Technology takes only minutes to detect beta-lactamase enzymes produced by drug-resistant pathogens.

U.K microbiology products and services specialist BioConnections negotiated a licensing agreement with the Hebrew University of Jerusalem’s R&D and technology transfer arm, Yissum, to commercialize kits for the direct detection of any multidrug-resistant (MDR) and extremely drug resistant (XDR) infection in samples of patient urine or blood. BioConnections says the first kits are in the final stages of development, and are expected to reach the market within months. An application for CE mark approval in Europe is also in progress.

The technology underlying the kits has been developed by the University Faculty of Medicine’s professor Emeritus Nathan Citri, M.D. The approach provides a direct indication of bacterial resistance to all beta-lactam antibiotics by detecting the presence of beta-lactamase enzymes that are produced by MDR bacteria. The modular kits comprise disposable arrays of antibiotics, in a combination that can be customized. Unprocessed samples are then placed on the array spots, and covered with a lid containing an indicator, which rapidly changes color in the presence of antibiotic-resistant organisms.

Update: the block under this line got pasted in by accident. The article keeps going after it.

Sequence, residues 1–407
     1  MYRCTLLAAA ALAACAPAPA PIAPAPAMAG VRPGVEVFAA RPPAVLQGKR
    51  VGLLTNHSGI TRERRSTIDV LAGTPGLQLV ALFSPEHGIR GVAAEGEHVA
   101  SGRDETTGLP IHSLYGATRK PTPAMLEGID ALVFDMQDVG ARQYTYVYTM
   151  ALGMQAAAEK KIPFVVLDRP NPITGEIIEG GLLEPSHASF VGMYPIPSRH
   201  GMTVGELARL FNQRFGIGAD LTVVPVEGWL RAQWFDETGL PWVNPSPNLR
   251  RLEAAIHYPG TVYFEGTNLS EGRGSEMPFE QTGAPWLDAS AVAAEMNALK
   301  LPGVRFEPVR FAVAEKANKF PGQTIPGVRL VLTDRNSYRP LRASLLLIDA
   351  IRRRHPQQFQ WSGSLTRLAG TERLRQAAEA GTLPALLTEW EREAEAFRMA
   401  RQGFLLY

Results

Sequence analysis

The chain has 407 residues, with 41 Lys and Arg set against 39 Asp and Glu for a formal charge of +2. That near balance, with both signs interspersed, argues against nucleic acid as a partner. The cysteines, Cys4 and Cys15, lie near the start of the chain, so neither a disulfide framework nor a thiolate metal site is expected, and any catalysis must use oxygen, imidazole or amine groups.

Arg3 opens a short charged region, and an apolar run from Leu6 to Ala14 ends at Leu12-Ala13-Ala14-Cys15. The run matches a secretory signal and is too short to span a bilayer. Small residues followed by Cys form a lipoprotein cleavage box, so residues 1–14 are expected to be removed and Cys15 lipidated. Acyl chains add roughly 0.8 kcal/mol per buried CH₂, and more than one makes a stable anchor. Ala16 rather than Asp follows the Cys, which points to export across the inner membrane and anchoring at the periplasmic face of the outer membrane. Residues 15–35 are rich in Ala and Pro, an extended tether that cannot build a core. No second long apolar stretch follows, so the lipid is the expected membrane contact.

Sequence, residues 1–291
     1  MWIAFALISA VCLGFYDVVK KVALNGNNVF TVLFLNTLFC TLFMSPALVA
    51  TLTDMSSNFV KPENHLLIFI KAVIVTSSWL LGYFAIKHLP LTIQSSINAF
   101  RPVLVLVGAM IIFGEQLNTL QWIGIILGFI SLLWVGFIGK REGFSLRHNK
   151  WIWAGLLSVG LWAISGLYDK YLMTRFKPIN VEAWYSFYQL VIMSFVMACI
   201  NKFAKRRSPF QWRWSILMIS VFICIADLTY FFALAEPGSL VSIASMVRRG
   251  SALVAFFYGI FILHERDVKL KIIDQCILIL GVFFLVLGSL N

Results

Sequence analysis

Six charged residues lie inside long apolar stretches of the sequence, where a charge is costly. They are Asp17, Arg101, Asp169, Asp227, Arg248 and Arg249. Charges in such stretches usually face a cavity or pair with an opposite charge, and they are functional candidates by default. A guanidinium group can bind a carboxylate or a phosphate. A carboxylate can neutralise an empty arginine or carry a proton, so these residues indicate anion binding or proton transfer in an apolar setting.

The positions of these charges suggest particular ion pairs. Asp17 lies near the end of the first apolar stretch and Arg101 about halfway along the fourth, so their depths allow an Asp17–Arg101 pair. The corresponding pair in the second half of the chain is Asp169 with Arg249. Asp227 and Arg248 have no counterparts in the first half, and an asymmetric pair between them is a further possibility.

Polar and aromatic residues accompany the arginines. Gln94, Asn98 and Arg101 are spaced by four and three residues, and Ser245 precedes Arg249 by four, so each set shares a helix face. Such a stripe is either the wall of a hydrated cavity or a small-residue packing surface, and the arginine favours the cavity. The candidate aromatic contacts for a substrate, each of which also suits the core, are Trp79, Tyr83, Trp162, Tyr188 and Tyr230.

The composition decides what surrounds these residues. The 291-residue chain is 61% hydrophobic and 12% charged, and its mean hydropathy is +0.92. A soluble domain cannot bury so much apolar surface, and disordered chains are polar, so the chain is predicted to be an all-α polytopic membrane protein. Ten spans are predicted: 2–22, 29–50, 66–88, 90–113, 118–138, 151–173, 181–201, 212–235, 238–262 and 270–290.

“Currently available techniques for identifying drug resistant bacteria are slow or hardly accessible, and evidence-based decisions are delayed for days,” remarks Yaacov Michlin, Yissum CEO. “Professor Citri’s invention now enables hospitals to identify drug-resistant infections within minutes, so that the patient can immediately benefit from appropriate, evidence-based treatment while contagion and contamination are minimized.”

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